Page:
Gathering Storm over Wild Basin
I had previously scouted this area and found this geometrically interesting pothole nestled above an alpine lake. The pothole was dry at the time, but I figured that if I timed my return visit to follow a major rainfall it might contain water. So when we received significant rain a couple of weeks later I decided to go for it. Leaving the trailhead at 1:00 am, I made the 7-mile moonlight hike/climb back to this spot and was glad to see the pothole was full. The Continental Divide runs along the ridgeline at the horizon. Under the right conditions, moist air is forced up the Western Slope and produces dramatic storm clouds. Unfortunately, a thick wall of clouds to the east on this day was blocking the sunrise from bathing the mountains in alpenglow. Making matters worse, relentless high winds made camera vibration a substantial impediment to capturing a sharp image. It seemed as though my considerable efforts would be in vein. But I’ve learned not to give in to despair and pack it in too soon. A few short seconds of magic light is all it takes to bag a killer shot. And that magic light can occur at any moment; even when all hope seems lost. The key is to be prepared when it happens. When golden light finally broke through, I fired several bursts between wind gusts. Then the light was gone as fast as it came. On the long hike out, I was bombarded by a torrent of rain most of the way. But I got the shot! The setting moon peeking through the storm clouds provided the icing on the cake.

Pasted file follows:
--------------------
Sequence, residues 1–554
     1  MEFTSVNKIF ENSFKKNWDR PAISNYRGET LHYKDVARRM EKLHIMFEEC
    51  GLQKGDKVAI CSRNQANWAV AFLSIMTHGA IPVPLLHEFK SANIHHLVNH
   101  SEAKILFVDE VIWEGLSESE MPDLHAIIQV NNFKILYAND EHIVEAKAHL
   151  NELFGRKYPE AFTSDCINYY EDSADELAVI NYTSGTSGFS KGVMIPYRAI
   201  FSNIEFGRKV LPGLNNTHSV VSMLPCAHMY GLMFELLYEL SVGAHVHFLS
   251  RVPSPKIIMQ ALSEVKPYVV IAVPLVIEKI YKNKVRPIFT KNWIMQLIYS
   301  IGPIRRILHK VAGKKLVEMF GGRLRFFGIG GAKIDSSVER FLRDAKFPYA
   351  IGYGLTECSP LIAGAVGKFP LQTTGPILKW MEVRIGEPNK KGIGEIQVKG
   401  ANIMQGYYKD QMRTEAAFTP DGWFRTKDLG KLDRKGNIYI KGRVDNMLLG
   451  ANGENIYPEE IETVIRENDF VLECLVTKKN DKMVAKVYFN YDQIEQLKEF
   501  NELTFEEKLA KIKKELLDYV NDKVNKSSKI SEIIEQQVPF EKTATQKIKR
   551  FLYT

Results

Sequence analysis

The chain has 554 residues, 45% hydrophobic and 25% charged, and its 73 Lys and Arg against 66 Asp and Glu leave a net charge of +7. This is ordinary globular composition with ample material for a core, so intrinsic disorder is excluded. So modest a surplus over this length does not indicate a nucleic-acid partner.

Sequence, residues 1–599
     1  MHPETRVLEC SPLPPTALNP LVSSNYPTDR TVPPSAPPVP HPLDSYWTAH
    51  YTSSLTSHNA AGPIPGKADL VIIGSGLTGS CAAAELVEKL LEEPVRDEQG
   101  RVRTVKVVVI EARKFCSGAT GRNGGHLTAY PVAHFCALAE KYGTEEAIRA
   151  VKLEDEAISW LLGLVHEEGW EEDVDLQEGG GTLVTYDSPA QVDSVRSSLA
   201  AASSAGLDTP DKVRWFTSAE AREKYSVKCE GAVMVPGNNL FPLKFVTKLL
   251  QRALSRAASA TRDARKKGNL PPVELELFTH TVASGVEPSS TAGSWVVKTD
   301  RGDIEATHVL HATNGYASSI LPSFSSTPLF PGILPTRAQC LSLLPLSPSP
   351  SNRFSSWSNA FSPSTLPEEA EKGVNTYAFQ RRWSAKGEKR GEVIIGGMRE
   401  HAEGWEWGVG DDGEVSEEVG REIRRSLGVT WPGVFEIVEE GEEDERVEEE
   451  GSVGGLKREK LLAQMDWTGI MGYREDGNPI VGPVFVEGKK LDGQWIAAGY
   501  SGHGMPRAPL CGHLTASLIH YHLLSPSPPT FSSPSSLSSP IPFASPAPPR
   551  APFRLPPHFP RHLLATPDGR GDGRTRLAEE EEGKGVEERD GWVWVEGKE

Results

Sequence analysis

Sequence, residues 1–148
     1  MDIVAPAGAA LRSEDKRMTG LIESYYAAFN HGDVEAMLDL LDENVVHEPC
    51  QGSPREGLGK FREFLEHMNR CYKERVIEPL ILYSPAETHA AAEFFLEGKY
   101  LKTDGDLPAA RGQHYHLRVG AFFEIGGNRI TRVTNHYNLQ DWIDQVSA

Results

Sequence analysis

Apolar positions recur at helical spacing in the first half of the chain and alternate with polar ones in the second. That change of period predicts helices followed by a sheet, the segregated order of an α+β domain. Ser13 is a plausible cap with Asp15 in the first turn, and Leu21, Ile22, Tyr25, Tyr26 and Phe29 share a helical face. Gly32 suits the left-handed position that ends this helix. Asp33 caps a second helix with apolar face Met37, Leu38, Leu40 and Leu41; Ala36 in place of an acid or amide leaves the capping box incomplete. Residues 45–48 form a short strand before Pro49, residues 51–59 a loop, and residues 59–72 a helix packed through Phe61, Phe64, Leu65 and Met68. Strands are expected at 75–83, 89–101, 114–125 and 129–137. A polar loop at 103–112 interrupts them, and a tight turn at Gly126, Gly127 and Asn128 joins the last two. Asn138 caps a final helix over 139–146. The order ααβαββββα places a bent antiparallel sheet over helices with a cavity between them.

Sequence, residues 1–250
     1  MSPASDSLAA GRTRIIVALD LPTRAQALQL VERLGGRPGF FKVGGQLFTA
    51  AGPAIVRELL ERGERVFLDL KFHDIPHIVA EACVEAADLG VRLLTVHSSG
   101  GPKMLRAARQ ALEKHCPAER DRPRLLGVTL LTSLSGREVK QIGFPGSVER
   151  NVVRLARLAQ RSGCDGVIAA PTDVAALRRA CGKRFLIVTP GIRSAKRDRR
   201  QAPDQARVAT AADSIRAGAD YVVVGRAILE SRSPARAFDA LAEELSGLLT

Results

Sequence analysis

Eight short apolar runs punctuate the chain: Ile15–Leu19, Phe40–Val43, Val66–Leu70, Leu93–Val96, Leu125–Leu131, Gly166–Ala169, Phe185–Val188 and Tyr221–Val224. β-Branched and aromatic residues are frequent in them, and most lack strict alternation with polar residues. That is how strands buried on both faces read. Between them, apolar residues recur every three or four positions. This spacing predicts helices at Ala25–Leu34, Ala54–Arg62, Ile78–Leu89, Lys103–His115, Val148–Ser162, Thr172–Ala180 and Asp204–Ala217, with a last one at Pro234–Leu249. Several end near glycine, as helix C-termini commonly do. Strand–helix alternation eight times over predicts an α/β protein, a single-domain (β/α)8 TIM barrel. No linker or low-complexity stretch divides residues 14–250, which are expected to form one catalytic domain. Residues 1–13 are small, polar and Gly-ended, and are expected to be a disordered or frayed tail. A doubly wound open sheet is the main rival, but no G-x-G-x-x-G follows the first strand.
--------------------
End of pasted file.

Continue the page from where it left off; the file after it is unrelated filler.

|All materials © copyright by Joseph Thomas|